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Tomorrow's Classroom


To discuss the future of Nova Scotia's public school system, Information Morning gathered eight people who care deeply about education.

The conversation, moderated by Don Connolly, covered topics including the purpose of education, outmigration and dwindling enrollments, standardized testing, and what to do with the limited resources available for education.

Watch video from the discussion.

The panelists included:

  • Rachel Brighton, editor of Coastlands: the Maritime Policy Review, and a mother of three young boys in the Annapolis Valley.
  • Kevin Young, program director of Pathways to Education, a program aimed at keeping students in school.
  • Michael Corbett, a professor of education at Acadia University and a former elementary school teacher in the Digby area.
  • Darlene Fitzgerald, the principal of Sir Robert Borden Junior High in Cole Harbour.
  • Jodene Dunleavy, national coordinator of the Canadian Educators Association's 'What Did You Do in School Today?'
  • Paul Bennett, director of Schoolhouse Consulting and former headmaster of Halifax Grammar School and Lower Canada College.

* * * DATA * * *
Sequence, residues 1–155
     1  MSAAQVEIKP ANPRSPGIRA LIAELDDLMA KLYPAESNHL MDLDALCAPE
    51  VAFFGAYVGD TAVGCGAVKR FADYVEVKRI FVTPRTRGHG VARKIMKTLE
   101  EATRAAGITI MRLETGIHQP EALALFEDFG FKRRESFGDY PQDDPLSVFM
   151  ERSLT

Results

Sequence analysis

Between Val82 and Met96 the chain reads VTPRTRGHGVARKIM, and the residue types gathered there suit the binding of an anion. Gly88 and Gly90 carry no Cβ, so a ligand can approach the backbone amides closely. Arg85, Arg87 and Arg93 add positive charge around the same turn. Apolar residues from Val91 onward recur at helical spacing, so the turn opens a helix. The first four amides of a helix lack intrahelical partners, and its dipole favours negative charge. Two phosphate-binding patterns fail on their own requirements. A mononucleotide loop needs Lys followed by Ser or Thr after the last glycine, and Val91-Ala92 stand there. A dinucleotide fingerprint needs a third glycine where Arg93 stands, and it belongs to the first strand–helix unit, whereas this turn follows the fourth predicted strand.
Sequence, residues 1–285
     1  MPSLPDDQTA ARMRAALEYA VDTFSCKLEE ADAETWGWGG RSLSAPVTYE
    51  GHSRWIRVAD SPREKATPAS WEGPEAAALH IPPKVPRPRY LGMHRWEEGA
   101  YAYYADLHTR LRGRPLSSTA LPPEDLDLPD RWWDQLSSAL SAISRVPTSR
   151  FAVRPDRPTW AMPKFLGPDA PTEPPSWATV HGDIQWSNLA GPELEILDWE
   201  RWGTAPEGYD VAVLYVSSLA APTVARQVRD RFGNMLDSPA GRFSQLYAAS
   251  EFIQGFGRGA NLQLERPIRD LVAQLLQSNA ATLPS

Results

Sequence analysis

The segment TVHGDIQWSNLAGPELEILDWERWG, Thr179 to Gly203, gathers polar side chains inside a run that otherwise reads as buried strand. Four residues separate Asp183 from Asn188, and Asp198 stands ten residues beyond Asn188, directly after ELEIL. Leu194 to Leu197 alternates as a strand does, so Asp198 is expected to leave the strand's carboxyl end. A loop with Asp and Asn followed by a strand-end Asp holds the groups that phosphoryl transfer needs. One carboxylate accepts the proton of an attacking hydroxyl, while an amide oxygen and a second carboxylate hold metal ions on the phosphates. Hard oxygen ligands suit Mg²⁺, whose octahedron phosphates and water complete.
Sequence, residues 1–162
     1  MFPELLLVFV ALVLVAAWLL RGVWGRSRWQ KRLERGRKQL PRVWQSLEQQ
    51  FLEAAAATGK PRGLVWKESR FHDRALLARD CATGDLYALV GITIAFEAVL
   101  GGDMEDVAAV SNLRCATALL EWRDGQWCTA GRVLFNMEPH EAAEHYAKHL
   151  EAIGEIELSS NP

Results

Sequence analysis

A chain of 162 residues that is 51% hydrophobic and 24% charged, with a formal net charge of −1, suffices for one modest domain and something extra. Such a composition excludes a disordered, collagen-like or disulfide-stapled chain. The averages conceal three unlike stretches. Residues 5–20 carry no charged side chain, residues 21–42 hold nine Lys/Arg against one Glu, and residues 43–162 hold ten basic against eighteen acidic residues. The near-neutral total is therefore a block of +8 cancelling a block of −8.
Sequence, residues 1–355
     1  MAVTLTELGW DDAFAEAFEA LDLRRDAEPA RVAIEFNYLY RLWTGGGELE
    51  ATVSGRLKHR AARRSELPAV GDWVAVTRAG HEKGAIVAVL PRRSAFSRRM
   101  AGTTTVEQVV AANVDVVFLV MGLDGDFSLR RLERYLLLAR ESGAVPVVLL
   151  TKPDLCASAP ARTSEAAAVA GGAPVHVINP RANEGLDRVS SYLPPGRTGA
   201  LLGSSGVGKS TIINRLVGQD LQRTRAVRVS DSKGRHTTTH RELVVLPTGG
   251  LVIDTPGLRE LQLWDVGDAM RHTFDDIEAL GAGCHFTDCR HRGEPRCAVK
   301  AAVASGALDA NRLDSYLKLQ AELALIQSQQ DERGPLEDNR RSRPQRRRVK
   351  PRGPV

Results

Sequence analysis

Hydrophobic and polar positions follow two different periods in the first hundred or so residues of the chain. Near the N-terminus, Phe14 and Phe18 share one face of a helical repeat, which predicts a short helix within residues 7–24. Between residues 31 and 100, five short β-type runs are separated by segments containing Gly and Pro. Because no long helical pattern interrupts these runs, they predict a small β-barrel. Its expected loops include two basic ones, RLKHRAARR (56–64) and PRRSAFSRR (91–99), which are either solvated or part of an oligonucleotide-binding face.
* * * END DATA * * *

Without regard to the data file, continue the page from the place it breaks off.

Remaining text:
• Jane Purves, a CBC News Analyst and former Minister of Education for Nova Scotia.
  • Steven Van Zoost, an English teacher at Avon View High School in Windsor and a recipient of the Prime Minister's Award for Excellence in Education.

Part One: What do we expect from our education system?

Part Two: What is the impact of dwindling enrollment?

Part Three: How can we ensure that students are intellectually engaged?

Part Four: How do we measure success in the classroom?

Part Five: What can standardized testing tell us?

Part Six: Is discipline getting in the way of education?

Part Seven: What advice would you offer the Minister of Education?

Part Eight: Minister of Education, Ramona Jennex, responds.

Student Voices: Students from around Halifax share their thoughts

Part One: High school students on the purpose of education.

Part Two: Junior high students share their perspectives on what works in the classroom.

Part Three: Students in Halifax share their thoughts on discipline and disruption in school.